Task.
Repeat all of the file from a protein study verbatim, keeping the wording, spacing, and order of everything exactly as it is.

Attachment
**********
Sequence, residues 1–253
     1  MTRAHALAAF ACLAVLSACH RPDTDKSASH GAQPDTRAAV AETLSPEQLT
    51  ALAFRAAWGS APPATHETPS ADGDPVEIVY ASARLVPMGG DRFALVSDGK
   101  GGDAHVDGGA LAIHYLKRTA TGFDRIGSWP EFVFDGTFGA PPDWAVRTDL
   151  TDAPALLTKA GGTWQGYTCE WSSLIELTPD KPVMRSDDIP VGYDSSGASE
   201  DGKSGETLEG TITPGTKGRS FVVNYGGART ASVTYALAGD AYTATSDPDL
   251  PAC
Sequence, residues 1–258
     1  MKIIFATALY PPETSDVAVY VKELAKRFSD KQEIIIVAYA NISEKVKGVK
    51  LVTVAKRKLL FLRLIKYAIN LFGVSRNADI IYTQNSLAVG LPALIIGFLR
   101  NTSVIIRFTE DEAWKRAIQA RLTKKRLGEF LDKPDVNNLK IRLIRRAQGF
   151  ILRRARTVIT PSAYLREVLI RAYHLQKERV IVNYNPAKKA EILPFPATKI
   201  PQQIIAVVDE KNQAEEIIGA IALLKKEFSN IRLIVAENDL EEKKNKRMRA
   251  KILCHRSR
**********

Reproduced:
Sequence, residues 1–253
     1  MTRAHALAAF ACLAVLSACH RPDTDKSASH GAQPDTRAAV AETLSPEQLT
    51  ALAFRAAWGS APPATHETPS ADGDPVEIVY ASARLVPMGG DRFALVSDGK
   101  GGDAHVDGGA LAIHYLKRTA TGFDRIGSWP EFVFDGTFGA PPDWAVRTDL
   151  TDAPALLTKA GGTWQGYTCE WSSLIELTPD KPVMRSDDIP VGYDSSGASE
   201  DGKSGETLEG TITPGTKGRS FVVNYGGART ASVTYALAGD AYTATSDPDL
   251  PAC
Sequence, residues 1–258
     1  MKIIFATALY PPETSDVAVY VKELAKRFSD KQEIIIVAYA NISEKVKGVK
    51  LVTVAKRKLL FLRLIKYAIN LFGVSRNADI IYTQNSLAVG LPALIIGFLR
   101  NTSVIIRFTE DEAWKRAIQA RLTKKRLGEF LDKPDVNNLK IRLIRRAQGF
   151  ILRRARTVIT PSAYLREVLI RAYHLQKERV IVNYNPAKKA EILPFPATKI
   201  PQQIIAVVDE KNQAEEIIGA IALLKKEFSN IRLIVAENDL EEKKNKRMRA
   251  KILCHRSR